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Test of Government’s new, national Emergency Alerts system at 3pm on Sunday 23rd April

Posted on April 18th, 2023

What happens when you get an emergency alert?

In an emergency, your mobile phone or tablet will receive an alert with advice about how to stay safe. Your mobile phone or tablet may:

  • make a loud siren-like sound, even if it’s set on silent;
  • vibrate;
  • read out the alert.

The sound and vibration will last for about 10 seconds.

If you receive an alert, it will include a phone number or a link to the GOV.UK website for more information.

Any alerts sent to you will be based on your location at the time and not where you live or work.

You do not need to turn on location services to receive alerts and the Government does not need to know your phone number or location to send you an alert.

Reasons you might get an alert

You may get alerts about:

  • severe flooding;
  • fires;
  • extreme weather

Emergency alerts will only be sent by:

  • the emergency services
  • Government departments, agencies and public bodies that deal with emergencies.

This video shows more.

What you need to do if you get an alert.

If you get an alert, stop what you’re doing and follow the on-screen instructions.

If you’re driving or riding when you get an alert

  • Don’t read or otherwise respond to an emergency alert.
  • Find somewhere safe and legal to stop before reading the message. If there is nowhere safe or legal to stop close by, and nobody else is in the vehicle to read the alert, tune into live radio and wait for bulletins until you can find somewhere safe and legal to stop.

Remember, it is illegal to use a hand-held device while driving or riding.

If you cannot receive emergency alerts

If you do not have a compatible device, you’ll still be informed about an emergency. The emergency services have other ways to warn you when there is a threat to life.

Emergency alerts will not replace local news, radio, television or social media.

You can find out more here.

If you’re deaf, hard of hearing, blind or partially sighted

If you have a vision or hearing impairment, audio and vibration attention signals will let you know you have an emergency alert.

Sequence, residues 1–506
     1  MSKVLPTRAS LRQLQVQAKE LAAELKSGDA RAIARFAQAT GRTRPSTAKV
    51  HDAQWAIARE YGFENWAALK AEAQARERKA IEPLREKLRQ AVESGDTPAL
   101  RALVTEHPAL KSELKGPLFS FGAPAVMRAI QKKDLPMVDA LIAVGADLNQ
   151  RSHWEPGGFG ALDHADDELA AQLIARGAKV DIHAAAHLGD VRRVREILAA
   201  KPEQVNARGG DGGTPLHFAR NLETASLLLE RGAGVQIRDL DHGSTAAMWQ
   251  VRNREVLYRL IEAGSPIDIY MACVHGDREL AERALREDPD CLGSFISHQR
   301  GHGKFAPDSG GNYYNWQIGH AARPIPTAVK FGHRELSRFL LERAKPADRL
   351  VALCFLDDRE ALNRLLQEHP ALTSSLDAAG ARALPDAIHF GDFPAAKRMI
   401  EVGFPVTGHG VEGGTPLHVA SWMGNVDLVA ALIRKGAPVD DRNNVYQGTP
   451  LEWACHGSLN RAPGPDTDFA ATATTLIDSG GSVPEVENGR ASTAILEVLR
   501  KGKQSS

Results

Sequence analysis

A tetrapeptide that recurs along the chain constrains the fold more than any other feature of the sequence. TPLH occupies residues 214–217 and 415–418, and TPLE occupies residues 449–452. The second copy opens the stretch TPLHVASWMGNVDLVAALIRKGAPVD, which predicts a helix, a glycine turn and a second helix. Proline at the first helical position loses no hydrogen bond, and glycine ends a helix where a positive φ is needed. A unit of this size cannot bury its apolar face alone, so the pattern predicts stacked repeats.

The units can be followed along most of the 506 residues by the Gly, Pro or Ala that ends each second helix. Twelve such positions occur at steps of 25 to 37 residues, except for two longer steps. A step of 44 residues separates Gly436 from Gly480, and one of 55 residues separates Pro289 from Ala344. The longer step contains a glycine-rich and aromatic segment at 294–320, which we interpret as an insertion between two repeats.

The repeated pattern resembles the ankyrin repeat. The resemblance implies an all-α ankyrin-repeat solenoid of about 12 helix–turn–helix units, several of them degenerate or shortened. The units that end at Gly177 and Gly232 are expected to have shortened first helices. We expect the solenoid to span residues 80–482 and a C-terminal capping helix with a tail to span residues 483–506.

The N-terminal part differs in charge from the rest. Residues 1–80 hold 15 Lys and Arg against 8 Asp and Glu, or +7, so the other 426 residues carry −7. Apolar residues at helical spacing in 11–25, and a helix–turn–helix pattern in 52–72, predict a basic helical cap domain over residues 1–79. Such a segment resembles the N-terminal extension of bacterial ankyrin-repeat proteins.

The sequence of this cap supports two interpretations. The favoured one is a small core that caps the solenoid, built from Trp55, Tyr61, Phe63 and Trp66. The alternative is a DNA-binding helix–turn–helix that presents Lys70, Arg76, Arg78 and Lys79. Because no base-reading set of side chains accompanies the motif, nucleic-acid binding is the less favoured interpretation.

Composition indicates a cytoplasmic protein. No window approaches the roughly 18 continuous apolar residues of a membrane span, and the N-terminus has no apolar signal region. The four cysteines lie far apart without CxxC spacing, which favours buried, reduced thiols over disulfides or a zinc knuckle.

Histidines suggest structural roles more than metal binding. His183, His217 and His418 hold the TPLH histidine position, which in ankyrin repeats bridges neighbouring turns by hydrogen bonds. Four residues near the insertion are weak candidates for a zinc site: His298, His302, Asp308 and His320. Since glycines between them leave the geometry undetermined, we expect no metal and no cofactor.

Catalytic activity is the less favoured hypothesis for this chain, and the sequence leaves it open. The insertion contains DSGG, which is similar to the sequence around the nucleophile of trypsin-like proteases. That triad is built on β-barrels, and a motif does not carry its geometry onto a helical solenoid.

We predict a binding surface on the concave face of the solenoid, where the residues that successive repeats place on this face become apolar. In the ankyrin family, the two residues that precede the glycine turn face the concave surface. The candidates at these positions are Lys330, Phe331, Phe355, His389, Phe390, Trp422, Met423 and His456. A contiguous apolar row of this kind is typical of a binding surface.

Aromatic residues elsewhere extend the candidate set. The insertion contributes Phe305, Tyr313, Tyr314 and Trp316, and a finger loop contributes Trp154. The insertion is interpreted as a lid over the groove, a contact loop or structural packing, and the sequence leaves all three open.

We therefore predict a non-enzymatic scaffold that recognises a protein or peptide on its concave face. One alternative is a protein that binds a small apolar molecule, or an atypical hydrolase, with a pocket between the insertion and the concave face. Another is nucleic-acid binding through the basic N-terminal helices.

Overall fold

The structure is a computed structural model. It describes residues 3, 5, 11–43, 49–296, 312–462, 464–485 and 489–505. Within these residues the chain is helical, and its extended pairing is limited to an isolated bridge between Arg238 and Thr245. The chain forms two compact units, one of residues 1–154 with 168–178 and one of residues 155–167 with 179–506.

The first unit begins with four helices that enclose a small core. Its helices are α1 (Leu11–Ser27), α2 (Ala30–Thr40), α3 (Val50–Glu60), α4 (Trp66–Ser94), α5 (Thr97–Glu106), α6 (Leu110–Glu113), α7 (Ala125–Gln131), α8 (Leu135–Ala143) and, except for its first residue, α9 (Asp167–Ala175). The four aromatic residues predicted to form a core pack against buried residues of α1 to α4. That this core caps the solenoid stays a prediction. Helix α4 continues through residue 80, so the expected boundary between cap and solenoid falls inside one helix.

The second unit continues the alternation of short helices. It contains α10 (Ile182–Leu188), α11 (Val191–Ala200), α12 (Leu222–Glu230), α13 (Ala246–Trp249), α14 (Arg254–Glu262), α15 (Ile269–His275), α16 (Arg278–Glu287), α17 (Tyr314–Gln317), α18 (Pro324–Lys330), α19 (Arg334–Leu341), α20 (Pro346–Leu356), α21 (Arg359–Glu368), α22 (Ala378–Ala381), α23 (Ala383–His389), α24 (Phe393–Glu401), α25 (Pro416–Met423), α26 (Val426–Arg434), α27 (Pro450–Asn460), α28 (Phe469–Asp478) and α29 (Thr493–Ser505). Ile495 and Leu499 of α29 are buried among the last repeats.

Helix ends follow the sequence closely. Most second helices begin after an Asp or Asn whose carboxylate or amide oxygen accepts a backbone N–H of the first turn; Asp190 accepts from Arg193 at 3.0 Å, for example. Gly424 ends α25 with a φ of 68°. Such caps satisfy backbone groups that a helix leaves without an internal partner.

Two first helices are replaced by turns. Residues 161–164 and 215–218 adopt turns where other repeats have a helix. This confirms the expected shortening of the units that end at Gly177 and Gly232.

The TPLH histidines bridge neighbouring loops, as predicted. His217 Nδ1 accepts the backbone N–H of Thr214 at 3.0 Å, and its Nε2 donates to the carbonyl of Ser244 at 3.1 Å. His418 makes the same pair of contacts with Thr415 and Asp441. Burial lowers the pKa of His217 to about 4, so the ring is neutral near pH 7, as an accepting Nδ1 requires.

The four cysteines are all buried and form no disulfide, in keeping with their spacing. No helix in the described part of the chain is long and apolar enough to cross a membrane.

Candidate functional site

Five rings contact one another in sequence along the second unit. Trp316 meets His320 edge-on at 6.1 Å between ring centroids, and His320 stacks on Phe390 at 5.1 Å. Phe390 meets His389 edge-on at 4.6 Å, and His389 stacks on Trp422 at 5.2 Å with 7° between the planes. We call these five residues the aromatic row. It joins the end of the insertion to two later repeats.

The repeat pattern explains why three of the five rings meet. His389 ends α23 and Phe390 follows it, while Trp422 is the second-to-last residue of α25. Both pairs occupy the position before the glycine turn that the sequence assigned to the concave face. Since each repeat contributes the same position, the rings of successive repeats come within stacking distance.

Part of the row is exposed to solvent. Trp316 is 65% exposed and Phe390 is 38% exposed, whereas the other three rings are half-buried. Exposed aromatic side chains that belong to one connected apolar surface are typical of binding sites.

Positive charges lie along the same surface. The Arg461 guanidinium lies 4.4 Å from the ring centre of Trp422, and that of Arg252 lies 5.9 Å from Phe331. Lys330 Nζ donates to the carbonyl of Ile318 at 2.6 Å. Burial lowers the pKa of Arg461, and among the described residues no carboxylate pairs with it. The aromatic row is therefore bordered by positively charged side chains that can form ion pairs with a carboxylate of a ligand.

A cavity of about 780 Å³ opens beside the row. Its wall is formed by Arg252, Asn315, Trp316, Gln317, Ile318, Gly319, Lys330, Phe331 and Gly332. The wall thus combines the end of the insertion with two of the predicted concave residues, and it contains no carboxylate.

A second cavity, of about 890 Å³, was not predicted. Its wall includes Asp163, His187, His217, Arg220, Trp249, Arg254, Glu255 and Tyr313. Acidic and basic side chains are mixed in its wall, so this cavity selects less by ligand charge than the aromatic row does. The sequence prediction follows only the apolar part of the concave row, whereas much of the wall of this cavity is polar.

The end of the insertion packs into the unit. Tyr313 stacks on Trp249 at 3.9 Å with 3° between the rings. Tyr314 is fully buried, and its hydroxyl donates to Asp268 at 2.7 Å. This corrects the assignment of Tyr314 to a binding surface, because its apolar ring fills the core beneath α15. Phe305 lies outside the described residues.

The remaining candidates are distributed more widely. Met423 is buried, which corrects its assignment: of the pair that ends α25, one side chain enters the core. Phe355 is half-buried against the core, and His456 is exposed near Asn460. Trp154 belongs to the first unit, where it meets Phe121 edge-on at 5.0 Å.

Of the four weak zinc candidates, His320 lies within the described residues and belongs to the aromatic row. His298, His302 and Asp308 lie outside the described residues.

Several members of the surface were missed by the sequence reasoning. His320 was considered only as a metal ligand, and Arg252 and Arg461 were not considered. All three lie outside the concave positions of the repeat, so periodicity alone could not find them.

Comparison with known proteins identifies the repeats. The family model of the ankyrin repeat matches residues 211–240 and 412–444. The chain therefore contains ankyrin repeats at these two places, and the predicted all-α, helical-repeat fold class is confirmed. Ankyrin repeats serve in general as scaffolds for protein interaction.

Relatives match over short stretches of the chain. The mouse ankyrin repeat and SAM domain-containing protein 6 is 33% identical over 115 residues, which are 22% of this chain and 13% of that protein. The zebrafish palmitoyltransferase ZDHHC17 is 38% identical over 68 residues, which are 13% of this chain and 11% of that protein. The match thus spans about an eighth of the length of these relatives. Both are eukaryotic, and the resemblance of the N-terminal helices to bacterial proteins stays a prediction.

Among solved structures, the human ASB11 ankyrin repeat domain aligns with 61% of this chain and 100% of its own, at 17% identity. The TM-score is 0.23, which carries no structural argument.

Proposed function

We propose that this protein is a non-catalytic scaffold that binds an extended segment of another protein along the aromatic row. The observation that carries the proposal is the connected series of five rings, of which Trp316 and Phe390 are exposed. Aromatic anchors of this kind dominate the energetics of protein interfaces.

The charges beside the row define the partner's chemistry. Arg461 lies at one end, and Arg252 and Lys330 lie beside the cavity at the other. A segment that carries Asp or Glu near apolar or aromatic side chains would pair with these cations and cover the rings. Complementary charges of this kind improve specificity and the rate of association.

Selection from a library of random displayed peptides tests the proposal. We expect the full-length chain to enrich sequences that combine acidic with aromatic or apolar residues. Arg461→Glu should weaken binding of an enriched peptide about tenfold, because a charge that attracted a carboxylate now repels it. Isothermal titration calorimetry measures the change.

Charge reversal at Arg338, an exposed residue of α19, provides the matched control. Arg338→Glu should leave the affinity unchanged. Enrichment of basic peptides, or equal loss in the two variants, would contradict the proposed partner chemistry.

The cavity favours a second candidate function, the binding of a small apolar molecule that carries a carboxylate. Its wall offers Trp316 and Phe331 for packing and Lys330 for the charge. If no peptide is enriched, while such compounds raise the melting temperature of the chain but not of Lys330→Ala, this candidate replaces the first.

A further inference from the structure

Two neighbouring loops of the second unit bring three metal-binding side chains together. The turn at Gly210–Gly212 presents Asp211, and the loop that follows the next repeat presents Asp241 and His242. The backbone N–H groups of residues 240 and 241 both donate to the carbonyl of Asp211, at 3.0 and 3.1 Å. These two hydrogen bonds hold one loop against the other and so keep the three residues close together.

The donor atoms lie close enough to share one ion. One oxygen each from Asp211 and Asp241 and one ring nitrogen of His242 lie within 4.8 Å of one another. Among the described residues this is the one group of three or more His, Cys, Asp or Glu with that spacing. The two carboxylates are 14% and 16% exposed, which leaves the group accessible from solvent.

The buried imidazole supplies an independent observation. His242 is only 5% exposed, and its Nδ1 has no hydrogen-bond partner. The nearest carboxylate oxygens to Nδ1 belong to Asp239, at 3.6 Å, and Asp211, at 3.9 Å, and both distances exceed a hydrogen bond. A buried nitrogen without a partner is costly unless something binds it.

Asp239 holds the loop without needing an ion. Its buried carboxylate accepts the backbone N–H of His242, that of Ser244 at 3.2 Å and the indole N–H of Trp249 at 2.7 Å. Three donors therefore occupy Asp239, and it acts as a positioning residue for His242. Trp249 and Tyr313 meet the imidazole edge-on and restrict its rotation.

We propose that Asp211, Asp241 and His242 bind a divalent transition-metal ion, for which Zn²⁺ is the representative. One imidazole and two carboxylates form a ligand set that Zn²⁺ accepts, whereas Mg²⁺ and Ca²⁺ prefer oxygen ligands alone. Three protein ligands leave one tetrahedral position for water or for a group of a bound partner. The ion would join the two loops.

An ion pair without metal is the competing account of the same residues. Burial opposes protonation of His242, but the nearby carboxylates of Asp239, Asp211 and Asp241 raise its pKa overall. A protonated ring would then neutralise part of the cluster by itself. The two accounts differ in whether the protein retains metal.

Switching off the Emergency Alerts system if you are experiencing Domestic Abuse

To avoid being put at risk, people experiencing domestic abuse, who for their safety have a secret or secondary mobile phone, are being advised to run off Emergency Alerts.

This is because the alert will play a sound even if the phone is on silent. The alert will play a loud siren and vibrate, and the phone will not be useable until the alert is acknowledged.

Refuge has made this video explaining how to turn off the emergency alerts on both Android and iPhone.

Alert languages

Emergency alerts will be sent in English. In Wales, they may also be sent in Welsh.

Content provided by One Liverpool, a partnership of local health and care organisations working together to support a healthier, happier and fairer Liverpool for all.

Published on Tue, 18 Apr 2023 12:33:41 GMT
Modified on Tue, 18 Apr 2023 12:33:54 GMT

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    08:00am to 12:30pm
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  • Thursday
    08:00am to 06:30pm
    Last Thursday of month closed at 1pm
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  • Saturday
    CLOSED
  • Sunday
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At 3pm on Sunday 23rd April there will be a test of the Government’s new, national Emergency Alerts system set up to warn people across the UK if there’s a danger to life nearby.

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